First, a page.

Laurie Lawrence is a former Australian Rugby Union Representative, and Olympic and World Champion Gold Medal Swim Coach. He was born in Townsville, tropical North Queensland. Laurie Lawrence turns 80 years old this week and here, we look back on some of the highlights of his career.
Laurie has coached Australia’s elite swimmers at Brisbane’s 1982 and Edinburgh’s 1986 Commonwealth Games. As well as Los Angeles 1984, Seoul’s 1988 and Barcelona’s 1992 Olympic Games. His coaching achievements boasts 10 gold, 11 silver and 12 bronze medals from Swimmers he directly assisted at Olympic level. He has also coached Swimmers with a combined total of 23 world records. Some of his best known protégé’s include; Jon Sieben, Duncan Armstrong, Tracey Wickham and Steven Holland.
Where it all Began
As a young coach starting out, winning was everything to Laurie. It was a competitive environment and Laurie recalls how kids would retire from swimming after winning silver at state championships. In fact, Helen Gray, got second and he threw her silver medal over the fence onto the train line. He said to her, “You come back with a silver medal? Don’t be complacent. You can be a medalist at the Commonwealth Games if you re-focus and work hard.”
He also recalls how he nearly got killed later that day by the express train to Redcliffe when he was searching for it on the train tracks!
He got a wrap on the knuckles for that stint, but knows his educated in coaching at that time could be improved. Helen Gray did in fact make it to the Commonwealth Games that winter. While she was gone, Laurie packed his bags for America to observe Mark Spitz in training with Sherm Chavoor. Sherm was the head coach of US Swimming team and studied under Don Gambril. Laurie managed to stay doing odd jobs, so he could learn everything he could about coaching.
A Method to the Madness
His method involved writing down all the results and training methods in a book, which he still has to this day. He kept track of every length, every stroke… he watched and recorded it all, looking for the techniques they used to produce champions. The one thing he learned more than anything else was that “They were great communicators”. They explained exactly what is important, and why it is required. Coaches make mistakes, but great communication makes up for these mistakes.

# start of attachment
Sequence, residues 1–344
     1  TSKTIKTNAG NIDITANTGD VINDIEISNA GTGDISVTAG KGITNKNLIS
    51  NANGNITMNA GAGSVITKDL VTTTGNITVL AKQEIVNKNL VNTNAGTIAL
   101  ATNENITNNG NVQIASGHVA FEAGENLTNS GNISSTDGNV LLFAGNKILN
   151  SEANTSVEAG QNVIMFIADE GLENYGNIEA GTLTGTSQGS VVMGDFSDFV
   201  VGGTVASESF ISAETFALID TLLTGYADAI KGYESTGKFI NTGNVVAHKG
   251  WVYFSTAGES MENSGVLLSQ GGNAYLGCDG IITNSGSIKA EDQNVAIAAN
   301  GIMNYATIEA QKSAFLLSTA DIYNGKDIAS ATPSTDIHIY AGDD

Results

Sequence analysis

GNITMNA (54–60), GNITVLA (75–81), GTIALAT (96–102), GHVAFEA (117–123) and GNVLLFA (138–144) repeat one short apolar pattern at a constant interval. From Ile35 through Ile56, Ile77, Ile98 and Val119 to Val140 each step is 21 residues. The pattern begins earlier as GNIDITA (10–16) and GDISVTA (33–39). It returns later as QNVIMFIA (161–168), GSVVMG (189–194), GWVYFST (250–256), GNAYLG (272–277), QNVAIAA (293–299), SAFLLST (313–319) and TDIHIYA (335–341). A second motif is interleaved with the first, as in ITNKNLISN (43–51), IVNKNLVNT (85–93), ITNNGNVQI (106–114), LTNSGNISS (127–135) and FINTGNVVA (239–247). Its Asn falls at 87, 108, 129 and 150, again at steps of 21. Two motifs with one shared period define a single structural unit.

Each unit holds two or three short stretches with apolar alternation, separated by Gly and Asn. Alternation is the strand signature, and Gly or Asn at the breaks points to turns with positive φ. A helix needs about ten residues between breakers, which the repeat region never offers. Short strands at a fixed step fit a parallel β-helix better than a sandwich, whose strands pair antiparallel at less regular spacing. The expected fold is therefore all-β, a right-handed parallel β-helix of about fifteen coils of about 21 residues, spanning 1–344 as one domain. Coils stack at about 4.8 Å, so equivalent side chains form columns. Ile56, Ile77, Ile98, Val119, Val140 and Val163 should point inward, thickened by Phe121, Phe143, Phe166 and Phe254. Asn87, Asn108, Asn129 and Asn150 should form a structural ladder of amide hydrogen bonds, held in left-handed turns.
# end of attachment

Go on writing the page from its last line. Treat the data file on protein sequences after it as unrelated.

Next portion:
By 1972, he ended up with 27 state champions but winter training was hard. The kids wouldn’t turn up as the pool was too cold, so he got an opportunity to coach in Don Talbot’s pool. Despite the lack of accreditation, Lawrence managed to sneak into Talbot’s pool.
During this time, he pushed Swimmer Stephen Holland, and soon he was breaking world records in training. He worked so hard that as a 15-year- old kid, he became the youngest ever world champion at the World Aquatic Championships in Yugoslavia. Stephen was so fired up for that event, that he didn’t stop at 1,500 metres and swam another 100 metres before finally stopping. “He was fast but math’s wasn’t his strong suit”, Laurie joked.
With the skill and knowledge that he witnessed at the beginning of his swimming journey, Laurie Lawrence became the national swim coach, and a lot more than he is celebrated for to date.
Dedicating his Life to Training Champions
During training for the 1982 Commonwealth Games in Brisbane, he had 12 kids on the team. They all agreed that if you missed a training session, you were out, and he had a 1,500 metre swimmer called Gary Watson. He told Laurie that he couldn’t make 2 training sessions, but said he would make them up and true to his word, he did.